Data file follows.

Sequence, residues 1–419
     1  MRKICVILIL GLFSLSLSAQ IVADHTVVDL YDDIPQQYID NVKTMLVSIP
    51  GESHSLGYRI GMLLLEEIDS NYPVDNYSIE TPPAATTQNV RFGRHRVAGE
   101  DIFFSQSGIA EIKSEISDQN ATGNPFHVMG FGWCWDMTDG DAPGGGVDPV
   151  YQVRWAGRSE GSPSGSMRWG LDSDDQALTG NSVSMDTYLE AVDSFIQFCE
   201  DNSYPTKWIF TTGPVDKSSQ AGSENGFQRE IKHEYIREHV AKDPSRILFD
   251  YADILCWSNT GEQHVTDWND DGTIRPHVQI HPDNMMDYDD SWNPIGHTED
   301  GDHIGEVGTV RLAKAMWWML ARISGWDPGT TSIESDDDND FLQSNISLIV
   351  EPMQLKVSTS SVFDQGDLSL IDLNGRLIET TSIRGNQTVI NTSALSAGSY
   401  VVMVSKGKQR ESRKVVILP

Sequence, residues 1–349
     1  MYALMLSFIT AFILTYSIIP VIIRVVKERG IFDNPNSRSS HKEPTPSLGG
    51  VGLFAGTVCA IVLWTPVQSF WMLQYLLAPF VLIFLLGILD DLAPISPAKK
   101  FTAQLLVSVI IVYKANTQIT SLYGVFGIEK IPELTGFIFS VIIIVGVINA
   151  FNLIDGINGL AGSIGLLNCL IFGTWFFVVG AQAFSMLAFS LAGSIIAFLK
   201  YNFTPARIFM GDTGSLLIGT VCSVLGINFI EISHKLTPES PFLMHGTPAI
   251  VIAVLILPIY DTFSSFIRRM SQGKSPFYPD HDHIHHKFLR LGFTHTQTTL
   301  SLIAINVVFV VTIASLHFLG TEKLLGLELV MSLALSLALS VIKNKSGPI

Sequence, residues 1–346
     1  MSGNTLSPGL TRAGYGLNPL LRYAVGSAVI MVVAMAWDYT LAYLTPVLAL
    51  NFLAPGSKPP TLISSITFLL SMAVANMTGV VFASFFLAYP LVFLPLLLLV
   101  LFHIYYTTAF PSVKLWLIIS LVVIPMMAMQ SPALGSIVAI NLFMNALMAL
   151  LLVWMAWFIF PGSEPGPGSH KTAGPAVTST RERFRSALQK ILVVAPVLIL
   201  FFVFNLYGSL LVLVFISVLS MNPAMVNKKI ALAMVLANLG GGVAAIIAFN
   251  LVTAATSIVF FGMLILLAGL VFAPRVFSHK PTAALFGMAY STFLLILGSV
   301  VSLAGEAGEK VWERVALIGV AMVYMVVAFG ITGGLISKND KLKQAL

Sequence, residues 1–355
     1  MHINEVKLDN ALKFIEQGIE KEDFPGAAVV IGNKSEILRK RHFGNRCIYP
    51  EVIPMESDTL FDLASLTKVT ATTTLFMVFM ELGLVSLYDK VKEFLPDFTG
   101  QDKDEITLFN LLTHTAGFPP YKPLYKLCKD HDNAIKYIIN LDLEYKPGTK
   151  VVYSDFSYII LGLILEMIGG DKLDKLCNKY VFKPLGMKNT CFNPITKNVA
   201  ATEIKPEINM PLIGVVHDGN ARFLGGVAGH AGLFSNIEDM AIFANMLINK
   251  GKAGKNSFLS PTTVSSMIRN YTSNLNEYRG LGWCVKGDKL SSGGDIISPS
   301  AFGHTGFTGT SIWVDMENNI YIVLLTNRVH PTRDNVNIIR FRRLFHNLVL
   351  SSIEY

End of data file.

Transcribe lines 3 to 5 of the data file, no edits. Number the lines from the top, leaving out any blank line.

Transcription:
    51  GESHSLGYRI GMLLLEEIDS NYPVDNYSIE TPPAATTQNV RFGRHRVAGE
   101  DIFFSQSGIA EIKSEISDQN ATGNPFHVMG FGWCWDMTDG DAPGGGVDPV
   151  YQVRWAGRSE GSPSGSMRWG LDSDDQALTG NSVSMDTYLE AVDSFIQFCE